How automation can improve the millennial working experience

 
Alexander Rinke
Millennials now make up more than a third of employees.
Millennials now make up more than a third of employees. (Source: Getty)

Automation is set to surge in impact over the next few years, nowhere more so than in the world of work.


While this represents a huge opportunity for economic growth, some employers are concerned that certain jobs may be at risk of being replaced by bots. At the same time, employers are managing the challenges of a multi-generational workforce. Millennials now make up more than a third of employees, bringing with them a whole new set of working styles for management to consider.

Millennials typically display low retention rates and are key protagonists of the job-hopping culture; on average, they stay in each role for a maximum of three years. This costs employers dearly in recruitment and retraining fees. But as the first digitally-native generation to enter the workforce, millennials may be better equipped to embrace the growing automation trend, rather than fear its impact.

Digital-first generation

Growing up with apps, on-demand content and social networking in their pockets, millennials are accustomed to using technology for every working process. They are also comfortable with using ‘Siri-like’ technology that points them to the best course of action, which helps make processes more effective.

By adopting this type of automation, employees are offered new ways to complete tasks depending on their preferences and the business context, motivating and encouraging them to stay in their posts for longer. Millennials want to have a genuine impact on transformation initiatives and harnessing automation in this way to help with decisions, makes them an active participant in the solution rather than replacing them. All the while, this offers the dual benefit of helping their employers embrace the digital transformation they need.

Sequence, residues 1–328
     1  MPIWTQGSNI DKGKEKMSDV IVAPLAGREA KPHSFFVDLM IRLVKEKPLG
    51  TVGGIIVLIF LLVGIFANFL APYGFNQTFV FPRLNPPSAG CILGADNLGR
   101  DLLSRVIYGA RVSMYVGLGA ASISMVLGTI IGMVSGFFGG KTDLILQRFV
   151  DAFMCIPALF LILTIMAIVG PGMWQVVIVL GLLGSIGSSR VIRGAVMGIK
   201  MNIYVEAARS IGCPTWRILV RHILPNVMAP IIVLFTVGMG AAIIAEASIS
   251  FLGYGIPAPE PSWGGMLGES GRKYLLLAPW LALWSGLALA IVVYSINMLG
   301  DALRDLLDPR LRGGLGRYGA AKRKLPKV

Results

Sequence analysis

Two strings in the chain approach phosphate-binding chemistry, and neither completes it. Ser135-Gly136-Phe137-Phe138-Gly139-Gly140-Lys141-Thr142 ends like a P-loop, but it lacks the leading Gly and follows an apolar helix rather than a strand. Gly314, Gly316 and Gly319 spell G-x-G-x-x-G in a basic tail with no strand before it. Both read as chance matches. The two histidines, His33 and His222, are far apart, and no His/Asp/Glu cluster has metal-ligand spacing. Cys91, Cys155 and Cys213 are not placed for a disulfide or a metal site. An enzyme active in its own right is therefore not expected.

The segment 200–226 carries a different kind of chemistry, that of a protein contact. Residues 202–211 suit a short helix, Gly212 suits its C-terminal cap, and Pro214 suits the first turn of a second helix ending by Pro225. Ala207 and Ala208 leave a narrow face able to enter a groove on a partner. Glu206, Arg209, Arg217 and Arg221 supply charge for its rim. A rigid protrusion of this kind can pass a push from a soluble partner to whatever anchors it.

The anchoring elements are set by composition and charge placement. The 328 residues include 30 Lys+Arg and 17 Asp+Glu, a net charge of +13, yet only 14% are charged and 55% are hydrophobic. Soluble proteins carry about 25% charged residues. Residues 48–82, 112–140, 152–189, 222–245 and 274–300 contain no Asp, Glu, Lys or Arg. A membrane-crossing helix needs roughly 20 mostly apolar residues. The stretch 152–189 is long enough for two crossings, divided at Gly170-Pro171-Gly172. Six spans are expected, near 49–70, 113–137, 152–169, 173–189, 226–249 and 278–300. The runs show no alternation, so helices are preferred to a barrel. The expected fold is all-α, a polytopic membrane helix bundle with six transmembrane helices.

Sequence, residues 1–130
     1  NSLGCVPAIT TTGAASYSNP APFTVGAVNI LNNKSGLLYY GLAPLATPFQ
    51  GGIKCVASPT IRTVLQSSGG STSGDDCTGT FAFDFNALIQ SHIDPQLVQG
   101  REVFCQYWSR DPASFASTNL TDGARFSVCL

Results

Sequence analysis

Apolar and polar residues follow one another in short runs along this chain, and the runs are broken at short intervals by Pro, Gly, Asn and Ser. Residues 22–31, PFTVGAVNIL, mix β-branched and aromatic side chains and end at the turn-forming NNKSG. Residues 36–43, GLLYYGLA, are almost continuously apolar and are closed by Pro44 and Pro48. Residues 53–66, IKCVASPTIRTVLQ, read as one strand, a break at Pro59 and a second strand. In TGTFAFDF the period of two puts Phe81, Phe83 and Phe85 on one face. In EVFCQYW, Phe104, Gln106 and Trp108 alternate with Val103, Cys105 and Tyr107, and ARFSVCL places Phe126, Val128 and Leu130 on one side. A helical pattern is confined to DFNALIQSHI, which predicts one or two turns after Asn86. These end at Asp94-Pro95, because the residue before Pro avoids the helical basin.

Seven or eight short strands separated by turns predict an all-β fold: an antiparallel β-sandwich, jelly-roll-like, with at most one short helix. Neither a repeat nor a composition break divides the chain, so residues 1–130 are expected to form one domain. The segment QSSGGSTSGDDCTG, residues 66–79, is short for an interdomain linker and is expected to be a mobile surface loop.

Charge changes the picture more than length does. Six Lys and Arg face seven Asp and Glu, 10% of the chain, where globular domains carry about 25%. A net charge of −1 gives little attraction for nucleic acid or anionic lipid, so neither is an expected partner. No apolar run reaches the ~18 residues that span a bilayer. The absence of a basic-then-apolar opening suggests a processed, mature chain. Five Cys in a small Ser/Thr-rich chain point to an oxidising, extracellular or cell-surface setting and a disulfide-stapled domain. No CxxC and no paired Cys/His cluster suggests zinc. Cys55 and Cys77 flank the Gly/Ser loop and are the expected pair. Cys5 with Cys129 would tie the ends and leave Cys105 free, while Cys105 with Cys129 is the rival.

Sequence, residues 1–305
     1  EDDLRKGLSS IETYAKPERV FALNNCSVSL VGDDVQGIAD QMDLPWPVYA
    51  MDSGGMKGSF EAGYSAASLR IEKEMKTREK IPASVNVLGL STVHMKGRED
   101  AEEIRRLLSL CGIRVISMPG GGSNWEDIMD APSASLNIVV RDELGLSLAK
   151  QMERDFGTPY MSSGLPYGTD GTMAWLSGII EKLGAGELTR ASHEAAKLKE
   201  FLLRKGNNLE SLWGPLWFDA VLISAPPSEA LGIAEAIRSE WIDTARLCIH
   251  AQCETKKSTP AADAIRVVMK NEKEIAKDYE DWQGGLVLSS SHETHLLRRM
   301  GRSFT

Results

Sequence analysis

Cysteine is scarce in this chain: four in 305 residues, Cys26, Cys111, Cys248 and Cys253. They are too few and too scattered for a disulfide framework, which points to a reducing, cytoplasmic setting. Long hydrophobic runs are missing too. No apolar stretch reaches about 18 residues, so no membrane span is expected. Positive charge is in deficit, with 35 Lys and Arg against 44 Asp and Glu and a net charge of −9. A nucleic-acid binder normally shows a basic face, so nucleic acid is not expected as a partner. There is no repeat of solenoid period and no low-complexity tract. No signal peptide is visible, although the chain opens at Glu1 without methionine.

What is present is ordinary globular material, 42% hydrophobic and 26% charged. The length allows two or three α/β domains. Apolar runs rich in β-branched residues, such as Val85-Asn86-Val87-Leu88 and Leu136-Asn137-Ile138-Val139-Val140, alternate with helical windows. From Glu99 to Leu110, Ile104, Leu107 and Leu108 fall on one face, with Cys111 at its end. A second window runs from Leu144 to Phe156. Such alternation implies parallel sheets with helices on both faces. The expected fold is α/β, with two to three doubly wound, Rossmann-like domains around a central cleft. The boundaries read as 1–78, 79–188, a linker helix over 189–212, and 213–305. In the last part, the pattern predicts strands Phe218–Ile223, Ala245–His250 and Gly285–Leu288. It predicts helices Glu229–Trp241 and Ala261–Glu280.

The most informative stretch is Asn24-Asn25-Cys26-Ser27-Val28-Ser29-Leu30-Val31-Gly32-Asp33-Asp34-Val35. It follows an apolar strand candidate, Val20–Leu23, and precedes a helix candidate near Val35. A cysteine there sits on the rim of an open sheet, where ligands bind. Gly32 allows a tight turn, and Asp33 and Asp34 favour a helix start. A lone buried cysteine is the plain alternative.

Engaging and energising the workforce

Research has found that millennials are twice as likely to be bored at work as Baby Boomers, especially at entry-level, where they are tasked with menial jobs. This can lead to lower staff retention rates, as demotivated workers are twice as likely to leave. With more than half of millennials thinking about their next job at any given time, companies must find a way to ensure that their next generation of employees are consistently motivated.

By automating repetitive, administrative roles, workers can focus on delivering more premium services, concentrating on strategy, creative innovation and problem solving, which could lead to greater job satisfaction. Employers will see operational costs reduced as both a result of automating processes and higher staff retention and engagement rates.

New work perks

Most people are familiar with the image of a ‘millennial workplace’, filled with gimmicks like ping pong tables and beer on tap. But is this effective in attracting and retaining younger staff? In reality, millennials are less interested in eye-catching novelty perks and look for technologies that enable efficiency and collaboration across the workplace. So, put away the ping pong paddles and dismantle the office slide: instead, employers should embrace technology to enable their staff. This is no longer a ‘nice-to-have’, but a vital requirement for keeping up with an evolving workforce.

But as the saying goes, by failing to prepare, one is preparing to fail. Before automating the workplace, businesses must first understand the ins and outs of their processes. Intelligent technologies, such as process mining, can help businesses dissect their operations in detail and recommend areas that would benefit most from automation.

When it comes to managing millennials, employers are concerned about how to best engage their workforce and reduce turnover rates. However, by understanding why, how and where automation can be applied most effectively, they can simultaneously eliminate tasks that stifle creativity, increase efficiency across the business and improve employee wellbeing.

This article was submitted via Dropbox Paper: a collaborative workspace for teams. Read more at cityam.com/workinflow.